The number of species for which MLST data are available is small, especially given the astounding diversity of bacteria and archaea. It is therefore not possible to statistically test whether HRR is elevated in certain phylogenetic or ecological groups. However, this dataset clearly demonstrates wide variation in HRR among species belonging to the same phylum or division. Examples are the γ-proteobacteria Klebsiella and Vibrio and the Bacteroidetes Porphyromonas and Flavobacterium (Table 1). An even more striking instance is provided by S. enterica for which we estimated a HRR almost 50 times higher than for E. coli despite the fact that they belong to the same family. Figure 2 shows the r/m point estimates of all phyla (or divisions) for which three or more representatives were available. It is evident that variation within phyla is of the same order as variation among phyla (note the log10-scale).

Figure 2
figure 2

Range of inferred mean r/m values of the phylogenetic groupings for which three or more representative species were available. Greek letters refer to the Proteobacteria divisions, Firmi=Firmicutes, Cyano=Cyanobacteria. All r/m values (as well as credibility intervals) are listed in Table 1.

Several genera are represented by two different species in this study. HRR is similar for the pairs of Vibrio, Streptococcus, Neisseria, Haemophilus, Campylobacter and Pseudomonas species analyzed (Table 1). HRR of the three Bacillus species are also quite similar. The variation in HRR thus seems to decrease with finer scales of taxonomic resolution, as expected when phylogeny is an important determinant of HRR. The role of phylogeny in determining HRR, however, is obscured by its strong correlation with ecology. For example, both Neisseria species are commensals of the nasopharynx and both Pseudomonas species are plant pathogens. When more data become available the hypothesis that the evolution of HRR is constrained at the genus level could be falsified.

Association between HRR and ecology

As found in earlier reviews (Feil et al., 2001; Hanage et al., 2006; Perez-Losada et al., 2006), bacteria that cause disease vary widely in HRR. This is true for obligate pathogens, commensals and opportunistic pathogens from the environment. This is unsurprising, as great variation exists in pathogenic lifestyles, for example, in host species, host range, virulence, site of infection, mechanisms of immune evasion and host-to-host transmission. When considering truly free-living, non-animal associated species, one particular trend seems to emerge. HRR is high or very high in all marine and aquatic species examined, with the exception of Microcoleus (Table 1). Interestingly, the fish pathogen Flavobacterium psychrophilum also has very high HRR. In contrast, HRR of terrestrial bacteria analyzed is low or intermediate across all phyla/divisions analyzed, with the exception of Myxococcus (Table 1). Data for only three, widely divergent, extremophile species were analyzed; all three had similar HRR. Figure 3 shows all r/m values of the three types of free-living bacteria.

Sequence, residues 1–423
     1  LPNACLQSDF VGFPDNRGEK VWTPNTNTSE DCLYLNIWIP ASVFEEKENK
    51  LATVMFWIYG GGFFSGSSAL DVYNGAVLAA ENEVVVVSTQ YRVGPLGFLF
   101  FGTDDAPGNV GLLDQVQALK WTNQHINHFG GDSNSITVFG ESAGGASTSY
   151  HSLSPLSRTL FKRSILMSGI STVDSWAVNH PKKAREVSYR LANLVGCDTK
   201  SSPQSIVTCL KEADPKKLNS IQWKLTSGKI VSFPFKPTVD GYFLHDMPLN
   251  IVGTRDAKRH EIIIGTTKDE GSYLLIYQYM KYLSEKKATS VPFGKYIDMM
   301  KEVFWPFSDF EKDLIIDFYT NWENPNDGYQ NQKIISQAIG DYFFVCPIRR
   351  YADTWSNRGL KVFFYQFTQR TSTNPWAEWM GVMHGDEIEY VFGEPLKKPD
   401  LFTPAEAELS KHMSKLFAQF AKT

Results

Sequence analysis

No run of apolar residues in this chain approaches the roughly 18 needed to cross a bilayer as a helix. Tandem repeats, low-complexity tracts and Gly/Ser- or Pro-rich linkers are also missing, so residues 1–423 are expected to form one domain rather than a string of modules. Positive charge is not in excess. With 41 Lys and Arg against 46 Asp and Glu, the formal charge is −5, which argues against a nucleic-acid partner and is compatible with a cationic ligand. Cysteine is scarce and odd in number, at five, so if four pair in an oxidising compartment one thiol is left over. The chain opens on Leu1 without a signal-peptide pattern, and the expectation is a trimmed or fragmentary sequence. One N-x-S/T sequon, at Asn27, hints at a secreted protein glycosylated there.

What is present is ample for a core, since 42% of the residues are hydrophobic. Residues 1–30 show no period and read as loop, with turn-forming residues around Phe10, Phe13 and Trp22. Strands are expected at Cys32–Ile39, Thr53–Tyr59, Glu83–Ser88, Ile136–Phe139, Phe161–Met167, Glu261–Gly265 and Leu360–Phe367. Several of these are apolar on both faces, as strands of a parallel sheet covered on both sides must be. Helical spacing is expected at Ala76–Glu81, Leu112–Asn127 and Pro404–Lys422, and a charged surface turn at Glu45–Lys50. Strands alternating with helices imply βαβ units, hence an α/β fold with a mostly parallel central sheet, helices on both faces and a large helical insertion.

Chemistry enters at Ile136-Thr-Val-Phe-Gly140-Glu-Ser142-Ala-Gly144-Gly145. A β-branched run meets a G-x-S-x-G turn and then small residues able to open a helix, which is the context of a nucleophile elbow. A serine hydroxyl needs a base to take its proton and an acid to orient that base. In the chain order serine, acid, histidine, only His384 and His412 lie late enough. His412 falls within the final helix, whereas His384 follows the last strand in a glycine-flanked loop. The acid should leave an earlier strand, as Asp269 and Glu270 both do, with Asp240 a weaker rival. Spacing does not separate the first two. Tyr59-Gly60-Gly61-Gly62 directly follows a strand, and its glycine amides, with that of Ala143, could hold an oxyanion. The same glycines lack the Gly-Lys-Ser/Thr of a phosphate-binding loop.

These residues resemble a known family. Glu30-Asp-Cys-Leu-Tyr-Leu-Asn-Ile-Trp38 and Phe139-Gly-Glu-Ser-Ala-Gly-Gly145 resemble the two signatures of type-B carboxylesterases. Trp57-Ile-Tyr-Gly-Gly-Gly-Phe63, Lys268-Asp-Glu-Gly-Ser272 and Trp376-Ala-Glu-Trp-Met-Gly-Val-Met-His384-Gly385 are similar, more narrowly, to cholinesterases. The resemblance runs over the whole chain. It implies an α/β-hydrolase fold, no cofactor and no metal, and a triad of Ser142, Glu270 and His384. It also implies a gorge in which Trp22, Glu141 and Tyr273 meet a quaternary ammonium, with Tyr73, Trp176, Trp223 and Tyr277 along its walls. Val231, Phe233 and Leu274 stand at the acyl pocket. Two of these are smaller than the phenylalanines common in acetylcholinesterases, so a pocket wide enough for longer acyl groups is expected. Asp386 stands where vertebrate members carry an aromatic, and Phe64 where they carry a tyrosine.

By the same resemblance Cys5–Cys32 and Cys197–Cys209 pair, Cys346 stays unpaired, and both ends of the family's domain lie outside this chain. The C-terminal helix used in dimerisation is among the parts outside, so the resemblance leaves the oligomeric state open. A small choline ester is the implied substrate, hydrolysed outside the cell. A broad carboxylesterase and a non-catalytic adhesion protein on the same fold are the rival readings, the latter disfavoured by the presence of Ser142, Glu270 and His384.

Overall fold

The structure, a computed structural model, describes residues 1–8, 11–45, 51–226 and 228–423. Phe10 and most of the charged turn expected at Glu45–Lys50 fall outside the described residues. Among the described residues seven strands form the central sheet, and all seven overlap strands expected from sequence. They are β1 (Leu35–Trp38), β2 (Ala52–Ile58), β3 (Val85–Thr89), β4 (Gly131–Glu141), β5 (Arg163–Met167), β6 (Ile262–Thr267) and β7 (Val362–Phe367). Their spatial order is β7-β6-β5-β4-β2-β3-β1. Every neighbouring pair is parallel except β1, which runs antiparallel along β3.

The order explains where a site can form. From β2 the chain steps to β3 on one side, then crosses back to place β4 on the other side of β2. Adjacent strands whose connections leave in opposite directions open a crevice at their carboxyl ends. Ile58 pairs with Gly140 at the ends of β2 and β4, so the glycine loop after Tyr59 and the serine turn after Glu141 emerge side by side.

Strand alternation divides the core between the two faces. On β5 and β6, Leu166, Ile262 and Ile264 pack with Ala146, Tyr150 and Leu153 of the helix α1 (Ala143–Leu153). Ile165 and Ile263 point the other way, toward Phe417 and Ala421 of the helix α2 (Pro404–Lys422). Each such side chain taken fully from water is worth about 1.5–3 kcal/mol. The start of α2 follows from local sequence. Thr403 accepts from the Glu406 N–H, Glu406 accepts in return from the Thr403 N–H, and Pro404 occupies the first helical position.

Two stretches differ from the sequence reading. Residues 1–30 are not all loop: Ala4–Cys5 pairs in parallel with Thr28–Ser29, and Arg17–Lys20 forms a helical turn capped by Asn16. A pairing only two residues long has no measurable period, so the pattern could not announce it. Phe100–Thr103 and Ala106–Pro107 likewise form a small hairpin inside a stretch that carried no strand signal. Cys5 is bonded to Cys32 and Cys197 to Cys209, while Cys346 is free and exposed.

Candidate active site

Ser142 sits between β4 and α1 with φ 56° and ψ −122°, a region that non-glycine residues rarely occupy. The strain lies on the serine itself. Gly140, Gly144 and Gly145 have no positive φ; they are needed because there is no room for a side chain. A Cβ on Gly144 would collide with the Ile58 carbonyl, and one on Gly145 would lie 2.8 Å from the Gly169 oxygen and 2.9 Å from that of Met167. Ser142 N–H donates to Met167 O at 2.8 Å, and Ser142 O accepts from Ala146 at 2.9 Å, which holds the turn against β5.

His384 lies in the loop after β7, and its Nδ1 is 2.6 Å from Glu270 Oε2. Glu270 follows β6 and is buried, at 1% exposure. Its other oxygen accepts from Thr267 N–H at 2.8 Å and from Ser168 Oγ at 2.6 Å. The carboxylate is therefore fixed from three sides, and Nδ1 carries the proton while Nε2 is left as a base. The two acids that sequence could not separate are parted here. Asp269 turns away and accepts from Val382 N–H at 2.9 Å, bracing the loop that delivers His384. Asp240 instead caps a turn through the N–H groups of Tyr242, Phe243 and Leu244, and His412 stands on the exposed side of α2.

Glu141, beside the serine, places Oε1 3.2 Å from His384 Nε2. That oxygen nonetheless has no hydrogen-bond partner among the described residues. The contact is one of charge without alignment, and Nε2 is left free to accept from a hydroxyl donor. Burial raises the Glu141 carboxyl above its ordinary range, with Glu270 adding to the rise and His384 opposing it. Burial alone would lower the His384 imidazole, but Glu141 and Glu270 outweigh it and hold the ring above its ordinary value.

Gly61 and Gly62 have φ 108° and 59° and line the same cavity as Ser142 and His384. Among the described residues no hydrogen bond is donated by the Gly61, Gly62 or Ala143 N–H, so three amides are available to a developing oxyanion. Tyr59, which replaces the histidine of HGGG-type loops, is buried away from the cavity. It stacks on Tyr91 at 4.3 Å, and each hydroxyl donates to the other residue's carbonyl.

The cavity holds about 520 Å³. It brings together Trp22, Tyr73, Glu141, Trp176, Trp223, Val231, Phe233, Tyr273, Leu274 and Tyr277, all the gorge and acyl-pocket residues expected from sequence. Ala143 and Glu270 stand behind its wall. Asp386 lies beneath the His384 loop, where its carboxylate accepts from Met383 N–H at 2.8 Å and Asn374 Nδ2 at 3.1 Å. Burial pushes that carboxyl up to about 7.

Figure 3
figure 3

All inferred mean r/m values of terrestrial species (open triangles), marine/aquatic species (black squares) and extremophiles (grey diamonds). Therm=Thermoprotei, Halo=Halobacteria, other abbreviations as in Figure 1. Species included are: B. cereus, B. thuringiensis, B. weihenstephanensis, K. pneumoniae, L. monocytogenes, M. xanthus, O. oeni, P. syringae, P. viridiflava, R. solanacearum, R. gallicum (terrestrial), M. aeruginosa, M. chtonoplastes, P. shigelloides, P. ubique, V. parahaemolyticus, V. vulnificus (marine/aquatic) and Halorubrum, M. laminosum and S. islandicus (extremophile). All r/m values (as well as credibility intervals) are listed in Table 1.


The comparative method is the most general way to approach patterns of evolutionary change (Harvey and Pagel, 1991). Most of the species for which data are currently available are (opportunistic) pathogens or agronomically important bacteria. However, the MLST method is gaining popularity among microbial ecologists, and more data on the population structures of the overwhelming majority of free-living, non-pathogenic bacteria are expected in the near future. The accumulation of sequence-based, population-level studies will enable more systematic testing whether certain ecological variables correlate with a particularly high homologous recombination rate.